Monday, 19 September 2016

You Will Believe A Sausage Can Fly...

Coming soon to a Kindle near you...
My superhero fairy tale adaptation Of Mice And Men And Sausages is now available to pre-order at just £0.99 / $0.99, ahead of its release on December 15th.

Corwin City needs a hero. Unfortunately, it's spoiled for choice. 

Raptor yearns to be the winged hero that Corwin City needs, to rise above the narcissistic body builders, lycra fetishists and weird science experiments who claim to fight for justice. 

Teaming up with super-strong rodent hybrid Musculus, and the frail telepath Saumagen seems like a great way to bring order to a desperate city. But though their powers complement each other perfectly, perhaps their values aren't quite aligned...

This 13,000 word modern retelling of classic Grimm fairytale The Mouse, The Bird, And The Sausage is full of superhero action, but can it really lead to a happy ever after?

Superheroes and fairy tales gel nicely, and having tested the concept with the most obscure folk story you could think of (the original is barely 300 words long), I will be returning to Corwin City with a sequel, focusing on a more widely-known Hans Christian Anderson fairy tale.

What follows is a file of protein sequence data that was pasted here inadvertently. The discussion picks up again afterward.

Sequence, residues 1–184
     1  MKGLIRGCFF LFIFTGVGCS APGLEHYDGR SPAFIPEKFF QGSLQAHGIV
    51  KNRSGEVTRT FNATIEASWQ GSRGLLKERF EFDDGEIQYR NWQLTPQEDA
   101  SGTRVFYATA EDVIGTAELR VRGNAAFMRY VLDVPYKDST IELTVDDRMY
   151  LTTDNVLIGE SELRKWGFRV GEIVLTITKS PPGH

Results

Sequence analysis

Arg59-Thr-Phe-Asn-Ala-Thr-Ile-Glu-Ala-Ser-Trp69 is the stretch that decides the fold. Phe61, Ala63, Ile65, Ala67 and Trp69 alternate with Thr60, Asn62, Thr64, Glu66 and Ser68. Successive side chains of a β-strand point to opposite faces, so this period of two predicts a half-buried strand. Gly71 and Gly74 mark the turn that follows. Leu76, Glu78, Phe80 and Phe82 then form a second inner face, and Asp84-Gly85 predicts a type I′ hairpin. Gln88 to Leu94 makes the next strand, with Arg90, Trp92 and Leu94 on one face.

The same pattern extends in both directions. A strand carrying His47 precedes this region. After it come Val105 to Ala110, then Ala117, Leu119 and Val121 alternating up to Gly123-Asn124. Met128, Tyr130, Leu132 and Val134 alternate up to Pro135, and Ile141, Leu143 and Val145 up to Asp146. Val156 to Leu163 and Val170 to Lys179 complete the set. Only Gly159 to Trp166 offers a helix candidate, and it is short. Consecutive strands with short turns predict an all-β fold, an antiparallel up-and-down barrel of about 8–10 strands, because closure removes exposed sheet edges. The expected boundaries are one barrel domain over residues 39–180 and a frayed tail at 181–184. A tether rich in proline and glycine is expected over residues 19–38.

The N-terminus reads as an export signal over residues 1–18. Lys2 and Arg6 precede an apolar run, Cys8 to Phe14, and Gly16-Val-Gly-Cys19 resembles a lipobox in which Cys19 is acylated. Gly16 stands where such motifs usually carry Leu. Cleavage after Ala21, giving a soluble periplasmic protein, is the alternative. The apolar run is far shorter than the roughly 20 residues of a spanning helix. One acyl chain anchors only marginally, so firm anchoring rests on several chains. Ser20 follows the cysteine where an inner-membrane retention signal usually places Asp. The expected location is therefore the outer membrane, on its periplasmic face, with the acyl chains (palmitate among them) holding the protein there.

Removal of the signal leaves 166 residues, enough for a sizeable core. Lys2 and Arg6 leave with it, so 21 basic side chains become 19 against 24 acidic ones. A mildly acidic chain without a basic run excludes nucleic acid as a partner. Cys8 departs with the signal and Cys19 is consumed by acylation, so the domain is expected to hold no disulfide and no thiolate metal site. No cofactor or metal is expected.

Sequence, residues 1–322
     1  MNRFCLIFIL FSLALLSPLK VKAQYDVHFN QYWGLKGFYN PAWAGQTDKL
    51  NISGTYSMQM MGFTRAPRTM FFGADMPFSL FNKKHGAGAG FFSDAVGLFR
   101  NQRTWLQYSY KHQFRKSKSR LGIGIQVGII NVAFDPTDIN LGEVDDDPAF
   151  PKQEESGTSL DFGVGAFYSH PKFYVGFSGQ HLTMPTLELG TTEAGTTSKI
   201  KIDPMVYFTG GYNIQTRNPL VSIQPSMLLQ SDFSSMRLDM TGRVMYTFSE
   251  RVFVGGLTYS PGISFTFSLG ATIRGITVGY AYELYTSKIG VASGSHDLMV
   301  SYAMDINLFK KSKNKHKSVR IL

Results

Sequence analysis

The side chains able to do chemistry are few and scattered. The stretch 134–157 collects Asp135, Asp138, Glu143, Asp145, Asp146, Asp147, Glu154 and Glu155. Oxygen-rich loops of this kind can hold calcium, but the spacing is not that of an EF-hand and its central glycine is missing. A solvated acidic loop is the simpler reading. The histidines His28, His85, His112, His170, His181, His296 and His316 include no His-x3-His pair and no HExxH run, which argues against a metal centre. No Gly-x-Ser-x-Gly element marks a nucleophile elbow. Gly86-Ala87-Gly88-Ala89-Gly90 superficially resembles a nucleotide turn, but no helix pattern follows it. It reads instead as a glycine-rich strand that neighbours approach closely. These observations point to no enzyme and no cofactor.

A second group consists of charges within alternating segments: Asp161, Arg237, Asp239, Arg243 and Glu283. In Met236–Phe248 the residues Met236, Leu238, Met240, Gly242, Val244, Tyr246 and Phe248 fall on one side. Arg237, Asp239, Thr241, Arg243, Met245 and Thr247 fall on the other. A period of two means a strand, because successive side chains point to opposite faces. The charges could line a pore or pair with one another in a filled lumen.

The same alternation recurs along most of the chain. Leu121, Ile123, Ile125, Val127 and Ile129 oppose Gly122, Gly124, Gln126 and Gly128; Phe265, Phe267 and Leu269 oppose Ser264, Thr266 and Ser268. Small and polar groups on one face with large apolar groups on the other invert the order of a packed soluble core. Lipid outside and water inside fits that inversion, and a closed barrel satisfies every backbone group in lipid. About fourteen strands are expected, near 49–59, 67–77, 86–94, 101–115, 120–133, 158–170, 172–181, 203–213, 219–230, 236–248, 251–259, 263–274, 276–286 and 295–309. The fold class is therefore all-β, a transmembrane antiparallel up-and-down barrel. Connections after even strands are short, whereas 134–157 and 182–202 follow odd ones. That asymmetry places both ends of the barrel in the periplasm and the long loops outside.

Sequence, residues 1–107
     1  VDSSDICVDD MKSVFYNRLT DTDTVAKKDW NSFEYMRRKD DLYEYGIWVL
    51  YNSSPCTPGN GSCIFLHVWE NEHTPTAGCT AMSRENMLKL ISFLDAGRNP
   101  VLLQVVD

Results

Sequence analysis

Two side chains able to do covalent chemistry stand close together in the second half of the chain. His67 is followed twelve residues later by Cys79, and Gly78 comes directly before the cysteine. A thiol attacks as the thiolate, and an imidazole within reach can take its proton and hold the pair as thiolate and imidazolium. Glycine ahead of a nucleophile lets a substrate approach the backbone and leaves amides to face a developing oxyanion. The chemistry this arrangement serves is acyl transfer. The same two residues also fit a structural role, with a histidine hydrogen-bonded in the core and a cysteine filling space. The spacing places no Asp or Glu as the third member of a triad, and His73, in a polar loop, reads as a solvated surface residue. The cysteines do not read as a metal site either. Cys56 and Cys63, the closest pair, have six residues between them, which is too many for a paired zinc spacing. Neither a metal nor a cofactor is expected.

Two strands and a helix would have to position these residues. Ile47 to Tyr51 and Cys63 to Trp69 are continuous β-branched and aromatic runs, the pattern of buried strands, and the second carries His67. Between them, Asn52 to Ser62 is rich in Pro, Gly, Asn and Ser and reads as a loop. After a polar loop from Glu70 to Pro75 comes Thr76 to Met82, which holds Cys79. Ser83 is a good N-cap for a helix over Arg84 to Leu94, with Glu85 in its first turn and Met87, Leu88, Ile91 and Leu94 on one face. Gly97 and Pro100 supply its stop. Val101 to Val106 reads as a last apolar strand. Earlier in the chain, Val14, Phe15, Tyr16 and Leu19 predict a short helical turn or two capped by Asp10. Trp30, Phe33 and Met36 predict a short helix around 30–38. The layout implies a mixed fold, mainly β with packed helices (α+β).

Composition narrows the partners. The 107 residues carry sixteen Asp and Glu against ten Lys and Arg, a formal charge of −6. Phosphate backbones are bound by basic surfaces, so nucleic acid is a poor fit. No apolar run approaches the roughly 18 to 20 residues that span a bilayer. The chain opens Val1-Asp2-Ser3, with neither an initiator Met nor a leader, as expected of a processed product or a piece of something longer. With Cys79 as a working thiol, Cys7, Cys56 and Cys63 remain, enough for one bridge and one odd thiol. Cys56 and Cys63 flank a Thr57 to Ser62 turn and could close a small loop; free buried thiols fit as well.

Thanks to illustrator Gina Allnatt for a cracking cover image!

Of Mice And Men And Sausages (The Lifehack Heroes Book 1)

Friday, 2 September 2016

Long ago in an English Kindle.

Dead good book
I was on a Virgin Train the other day, and managed to get a seat. In fact the train was nearly empty, which didn't stop just about everyone I saw from making some sort of joke at Jeremy Corbyn or Richard Branson's expense. What a tiresome non-story.

So to flee from the non-story, I read a real story, on my Kindle. Neat segue, right? Paul Cornell's novella Witches of Lychford is a great little book. The small village of Lychford, deep in the English countryside, is divided over the arrival of a new supermarket. Local ladies Judith, Lizzie and Autumn, each with a very different outlook on life, band together to protect their community from both corporate intrusion and... something more.

Paul Cornell has been writing stories about strange goings-on in English villages since the early 90s, when he parked Cheldon Boniface's parish church on the moon during Timewyrm: Revelation. He's created more Anglican vicars than your average bishop. So while he's doing great work with his Severed Streets series, the countryside feels like his natural habitat.

As Judith draws estranged friends Lizzie and Autumn into new worlds, the atmosphere is subdued and wonderfully evocative as Cornell lines up a cast of characters who are fundamentally decent people, brought down by life's burdens. Bereavement, the strain of caring for elderly relatives, the trauma of an abusive relationship. Only one character is entirely beyond redemption here.

Witches of Lychford was published in 2015, almost exactly a year ago. That's the state of my reading list right now. But reading it in post-EU Referendum Britain is to add an almost painful note of contemporary relevance to the book. Images of a society divided against itself, with evil forces seeking to sway a public vote through lies about jobs and economic prosperity... well, it resonates pretty damn hard, I can tell you.